Find the Sauvage Spectrum picket as well as its Roussanne 2020, Petit Verdot 2019 and Sparklet PinkTo select bottle stores across the state, or order cans online (when it is back in stock). If your favorite liquor vendor isn’t wearing it, says Matysiewski, email the cellar and they’ll try to get it off a store shelf near you.

Cold vines from Carboy Winery

Cold Vines seltzer. Photo courtesy of Carboy Winery

Bonbonne vineyard, with outposts in Littleton, Denver’s Capitol Hill, Breckenridge and Palisade, is no stranger to sparkling wine making. In fact, the company even added a bubble barn to its Denver location, a 1900s stable equipped with two Charmat vats dedicated to the production of sparkling wine wines. It also expanded the program to Palisade, which is home to a winery, vineyard and production facility that opened this month.

The liberation of Cold vines wine seltzers, which are produced with aromella, vineyards and other cold-hardy grapes harvested from Grand Valley vineyards, align with Carboy’s commitment to sparkling products, which Kevin Webber , CEO of the brand, believes it is the future of Centennial State wine.

“One of the things Colorado has always struggled with is not really having a variety identity,” he says. “A lot of the varietals we grow and work with here in Colorado lend themselves to making great sparkling wines, and we believe that’s the future of Colorado. This is why we have invested so much in our Charmat programs in Denver and Palisade. We also paid close attention to what was going on in the Seltzer category and saw an opportunity to use some of those same varieties to innovate in this space and make our new premium Seltzer wine.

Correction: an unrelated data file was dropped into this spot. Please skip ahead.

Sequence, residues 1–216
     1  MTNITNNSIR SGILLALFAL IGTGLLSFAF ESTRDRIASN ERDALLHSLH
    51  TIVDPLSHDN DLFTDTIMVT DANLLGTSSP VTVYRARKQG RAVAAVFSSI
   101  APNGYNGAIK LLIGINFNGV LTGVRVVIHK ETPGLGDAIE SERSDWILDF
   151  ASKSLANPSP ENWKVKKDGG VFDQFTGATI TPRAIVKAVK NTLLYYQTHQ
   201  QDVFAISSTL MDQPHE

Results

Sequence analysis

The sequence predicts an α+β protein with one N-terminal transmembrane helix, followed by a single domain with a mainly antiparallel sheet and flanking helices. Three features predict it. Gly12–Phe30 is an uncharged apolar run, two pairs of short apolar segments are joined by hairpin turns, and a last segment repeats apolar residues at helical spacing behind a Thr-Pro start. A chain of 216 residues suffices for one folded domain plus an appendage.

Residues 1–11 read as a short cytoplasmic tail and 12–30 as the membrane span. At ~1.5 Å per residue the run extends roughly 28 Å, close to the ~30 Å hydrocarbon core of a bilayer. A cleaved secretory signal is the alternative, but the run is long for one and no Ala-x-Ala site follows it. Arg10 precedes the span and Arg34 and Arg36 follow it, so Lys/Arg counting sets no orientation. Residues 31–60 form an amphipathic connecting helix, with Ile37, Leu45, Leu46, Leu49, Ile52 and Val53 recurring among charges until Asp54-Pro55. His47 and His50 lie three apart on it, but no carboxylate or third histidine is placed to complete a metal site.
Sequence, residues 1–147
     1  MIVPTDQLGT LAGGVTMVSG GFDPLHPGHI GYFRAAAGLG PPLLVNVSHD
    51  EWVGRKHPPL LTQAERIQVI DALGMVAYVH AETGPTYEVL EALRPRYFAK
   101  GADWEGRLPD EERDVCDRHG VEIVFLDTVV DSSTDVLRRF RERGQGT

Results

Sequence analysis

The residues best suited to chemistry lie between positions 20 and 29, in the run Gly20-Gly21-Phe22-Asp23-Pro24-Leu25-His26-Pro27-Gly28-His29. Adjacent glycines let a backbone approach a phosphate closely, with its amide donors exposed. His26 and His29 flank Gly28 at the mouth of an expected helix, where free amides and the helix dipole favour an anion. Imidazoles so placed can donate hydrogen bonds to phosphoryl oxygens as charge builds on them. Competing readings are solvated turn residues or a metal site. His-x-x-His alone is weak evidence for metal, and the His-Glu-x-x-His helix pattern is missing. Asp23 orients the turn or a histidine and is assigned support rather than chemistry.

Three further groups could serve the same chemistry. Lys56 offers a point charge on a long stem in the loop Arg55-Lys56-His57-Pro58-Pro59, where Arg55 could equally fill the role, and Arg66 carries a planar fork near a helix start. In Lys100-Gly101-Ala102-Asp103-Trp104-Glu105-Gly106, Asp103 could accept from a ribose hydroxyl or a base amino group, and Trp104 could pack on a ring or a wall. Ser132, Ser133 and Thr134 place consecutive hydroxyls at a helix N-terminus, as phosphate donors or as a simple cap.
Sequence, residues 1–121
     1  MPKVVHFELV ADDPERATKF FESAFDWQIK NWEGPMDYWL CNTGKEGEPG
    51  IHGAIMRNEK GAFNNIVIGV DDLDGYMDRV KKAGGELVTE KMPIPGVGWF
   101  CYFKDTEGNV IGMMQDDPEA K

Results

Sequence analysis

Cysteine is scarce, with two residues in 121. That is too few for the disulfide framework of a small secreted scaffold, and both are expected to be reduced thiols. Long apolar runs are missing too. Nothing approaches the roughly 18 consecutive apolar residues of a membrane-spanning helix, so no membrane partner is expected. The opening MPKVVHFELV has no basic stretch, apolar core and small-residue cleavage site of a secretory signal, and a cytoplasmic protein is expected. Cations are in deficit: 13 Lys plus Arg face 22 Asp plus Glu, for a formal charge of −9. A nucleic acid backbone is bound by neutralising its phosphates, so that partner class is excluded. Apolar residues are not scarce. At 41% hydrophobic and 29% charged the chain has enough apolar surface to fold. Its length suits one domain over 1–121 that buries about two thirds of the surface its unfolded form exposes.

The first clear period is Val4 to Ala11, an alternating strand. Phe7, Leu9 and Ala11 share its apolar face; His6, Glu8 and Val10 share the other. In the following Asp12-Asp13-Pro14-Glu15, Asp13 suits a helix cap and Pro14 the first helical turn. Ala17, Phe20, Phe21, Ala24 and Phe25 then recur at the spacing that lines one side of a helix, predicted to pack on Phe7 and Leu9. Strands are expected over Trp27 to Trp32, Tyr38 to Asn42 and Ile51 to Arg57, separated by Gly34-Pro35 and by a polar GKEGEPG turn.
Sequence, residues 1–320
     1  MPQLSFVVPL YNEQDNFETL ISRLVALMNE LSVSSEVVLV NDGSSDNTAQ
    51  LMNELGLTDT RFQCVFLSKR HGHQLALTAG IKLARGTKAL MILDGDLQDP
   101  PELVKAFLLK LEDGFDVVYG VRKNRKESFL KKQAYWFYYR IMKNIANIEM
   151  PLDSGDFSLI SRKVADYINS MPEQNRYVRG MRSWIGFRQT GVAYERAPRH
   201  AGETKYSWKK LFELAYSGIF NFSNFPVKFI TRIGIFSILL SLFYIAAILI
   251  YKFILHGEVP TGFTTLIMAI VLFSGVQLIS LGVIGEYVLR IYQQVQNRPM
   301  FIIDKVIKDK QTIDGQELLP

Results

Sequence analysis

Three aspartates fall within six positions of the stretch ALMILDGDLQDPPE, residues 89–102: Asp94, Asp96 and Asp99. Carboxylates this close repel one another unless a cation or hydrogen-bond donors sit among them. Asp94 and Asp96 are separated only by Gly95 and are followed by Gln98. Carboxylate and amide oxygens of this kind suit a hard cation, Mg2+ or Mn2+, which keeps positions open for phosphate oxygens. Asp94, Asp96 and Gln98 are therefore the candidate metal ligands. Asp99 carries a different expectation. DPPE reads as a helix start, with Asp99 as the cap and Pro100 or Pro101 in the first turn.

With an alcohol content of 5%, Cold Vines is available in flavors of watermelon, black cherry, lemon and peach. The drinks are free of refined sugars and slightly carbonated, resulting in a refreshing and convivial concoction for the day with the qualities of a high quality white wine and not too sweet alcoholic seltzer.

Order boxes of Cold Vines in line or collect them in one of the The four Carboy locations; also look for bottles of sparkling wine from the cellar Rosé La La La, 2020 Rosé de Tempranillo and 2019 Teroldego.

Want more wine?

Both wineries offer affordable wine clubs; Wild Specter memberships cost from $ 51 to $ 192 (three to 12 bottles shipped per quarter), while Bonbonne vineyard‘s are $ 65 to $ 239 (three to six bottles shipped quarterly). Other perks include discounts on additional bottles, exclusive outings, free tastings / glasses of wine, and more.

Patricia kaowthumrong

Patricia kaowthumrong

Patricia joined the 5280 staff in July 2019 and is delighted to oversee all restaurant coverage for 5280 Magazine. Follow her culinary reporting adventures on Instagram @whatispattyeating.


About Michael Brafford

Check Also

57% of Brits now think Brexit was a mistake

According to the British Polling Council, there has been a marked change since the 2016 …

Leave a Reply

Your email address will not be published.